Almost Greek Cooking in Corona Times – Pig happiness

The advantage of corona might be that the Christmas stress for the Christmas Cook might be tempered, because officially you may not cook for grand companies. However, a Christmas Menu still has to be composed, although this corona year it maybe not be as abundant as years previous

In the United States turkeys are sacrificed for christmas dinner, in other countries game may appear upon the festivity tables, in Greece it is a pig that gets slaughtered for Christmas: gourounochara, that oddly enough means pig happiness. It is, according to a very old tradition, when farmers took in a pig to grow it fat for Christmas dinner. Speaking about Christmas stress, in those ancient times I wouldn’t want to be the one responsible in the kitchen, because ‘all’ of the pig got used, from the bones to make a broth, the skin to fabricate shoes, to the hair used for brushes. And then there is the meat, that gets turned into many things like sausages or jelly.

The many possibilities of a slaughtered pig still echoes in contemporary Greek Christmas dishes, which are different in all regions: in the Dodecanese, North Greece and Epirus minced meat is made to stuff cabbage leaves (lachanodolmades), on Samos cured pork belly is eaten and from the head is made a jelly (pichti). In Thrace the custom is to eat stuffed pork balls (bambo).

All over the country the meat is cooked differently, with various vegetables. On Crete the shoulder gets baked in the oven, hidden under a bunch of lemon leaves and they eat cured sausages (apaki), in Trikala the pork is roasted with potatoes (gournada),on Lesvos it is a pork stew with celery (xoirinó me sélino)

At the Christmas table there always should be the Christmas bread (Christopsomo or Kouloura), a round white bread, decorated with a cross and sesame seed. Nice decorations are necessary on the bread because they offer good luck, fortune and prosperity: the cross symbolizes the divine power. The dough is enriched with special ingredients like rose water, honey, cinnamon and cloves. Tradition is that the eldest of the family cuts the bread, after having incised a cross in the bread.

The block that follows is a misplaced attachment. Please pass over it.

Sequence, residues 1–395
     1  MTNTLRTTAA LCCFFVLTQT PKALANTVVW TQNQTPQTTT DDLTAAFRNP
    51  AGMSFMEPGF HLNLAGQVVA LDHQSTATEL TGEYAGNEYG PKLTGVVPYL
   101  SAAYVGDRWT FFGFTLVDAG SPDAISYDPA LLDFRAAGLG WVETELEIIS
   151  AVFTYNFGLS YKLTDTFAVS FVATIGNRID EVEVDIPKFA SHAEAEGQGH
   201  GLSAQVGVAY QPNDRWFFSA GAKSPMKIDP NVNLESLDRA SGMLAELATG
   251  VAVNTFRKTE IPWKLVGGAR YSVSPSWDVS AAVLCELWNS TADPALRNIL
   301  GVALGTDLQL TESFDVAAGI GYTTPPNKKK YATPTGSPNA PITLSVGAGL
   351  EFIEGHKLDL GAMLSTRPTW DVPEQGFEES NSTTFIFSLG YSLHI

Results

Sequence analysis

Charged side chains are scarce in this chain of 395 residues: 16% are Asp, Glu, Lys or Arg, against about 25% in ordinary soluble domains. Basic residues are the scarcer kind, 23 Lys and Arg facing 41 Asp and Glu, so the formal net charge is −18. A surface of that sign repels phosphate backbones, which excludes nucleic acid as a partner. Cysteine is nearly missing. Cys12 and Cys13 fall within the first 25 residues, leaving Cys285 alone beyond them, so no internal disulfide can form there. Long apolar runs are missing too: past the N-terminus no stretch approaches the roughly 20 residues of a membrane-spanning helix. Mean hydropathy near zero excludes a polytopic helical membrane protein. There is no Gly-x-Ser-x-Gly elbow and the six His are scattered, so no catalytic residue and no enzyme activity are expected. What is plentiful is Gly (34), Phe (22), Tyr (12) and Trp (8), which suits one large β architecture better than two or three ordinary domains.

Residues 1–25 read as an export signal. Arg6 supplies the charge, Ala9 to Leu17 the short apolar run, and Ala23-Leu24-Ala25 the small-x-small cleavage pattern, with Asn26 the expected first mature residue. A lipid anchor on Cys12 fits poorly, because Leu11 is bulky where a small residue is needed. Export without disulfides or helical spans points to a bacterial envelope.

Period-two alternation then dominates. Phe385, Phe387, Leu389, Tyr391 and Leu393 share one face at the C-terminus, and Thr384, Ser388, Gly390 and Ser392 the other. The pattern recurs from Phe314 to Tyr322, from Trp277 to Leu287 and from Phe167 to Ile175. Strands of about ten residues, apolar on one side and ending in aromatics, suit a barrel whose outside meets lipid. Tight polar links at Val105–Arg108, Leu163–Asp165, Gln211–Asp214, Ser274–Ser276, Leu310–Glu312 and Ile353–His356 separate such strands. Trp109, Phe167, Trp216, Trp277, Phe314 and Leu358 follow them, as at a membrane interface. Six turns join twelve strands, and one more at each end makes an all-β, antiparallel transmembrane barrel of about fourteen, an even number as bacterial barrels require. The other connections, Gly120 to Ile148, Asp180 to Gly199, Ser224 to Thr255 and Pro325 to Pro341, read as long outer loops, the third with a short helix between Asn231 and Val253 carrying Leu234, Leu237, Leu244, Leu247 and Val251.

I am without traditions for the Christmas menu, nor am I expert at cooking meat. This year I’ll go to the local butcher, who makes roulades on demand. For the roulade I opt for a spicy chocolate sauce and quince jelly. As one of the starters I will serve a beetroot salad. The chocolate mousse might be my only traditional Christmas dish, following a recipe of my mother (she called it Heaven’s mud). I had intended to make a Jellyfish pudding (the name we used as kids for a jelly pudding) of pomegranate juice, but the little amount of guests begged for the chocolate mud.

A happy Christmas and a healthy 2021.

Beetroot salad
(4 persons)

2 large beetroots, cooked
2 soft avocados
2 eggs, hard boiled
salt and pepper
1 orange, in parts
6 dried figs, in pieces
1 tbsp yoghurt
2 tbsp mayonnaise
1 tsp mustard

Cut the beetroots and avocados in small dices, the eggs in slices. Put all in a salad bowl. Season with some salt and pepper. Add the orange in half parts and figs. Mix the yoghurt, mayonnaise and mustard and add the sauce just before serving to the salad.

Heaven’s mud
(per person)

50 g milk chocolate
1 egg (per person)
2x 1 tbsp sugar
1 tsp nescafé
1 tsp cognac
whipped cream

Melt the chocolate in a bain marie. Separate the egg white from the yolk, the egg white in a mixing bowl, the yolk in a serving bowl. Add 1 of sugar (pp) to the egg white and mix it with a machine until it is stiff. Add 1 tbsp (pp) of sugar, the nescafe and cognac to the yolk and stir until it is nearly stiff. Pour the melted chocolate slowly, while stirring, to the yolk. Gently mix the egg white through the mass and put away in the fridge for some hours to set. Eventually serve with whipped cream.

Jellyfish pudding
(4 – 6 persons)

1 l pomegranate juice
4 tbsp sugar
gelatin for 1 l
1 tbsp lemon juice
whipped cream

Soak the gelatin (according to the instructions) in cold water. Warm the pomegranate juice with the sugar until it nearly boils. Take off the fire and stir the gelatin through the juice. When all is melted add the lemon juice and pour the juice in a jelly mould or serving bowl. Put away for some hours in the fridge to get firm. Deposit the pudding from the form on a serving plate or keep it in the serving bowl. Serve with whipped cream.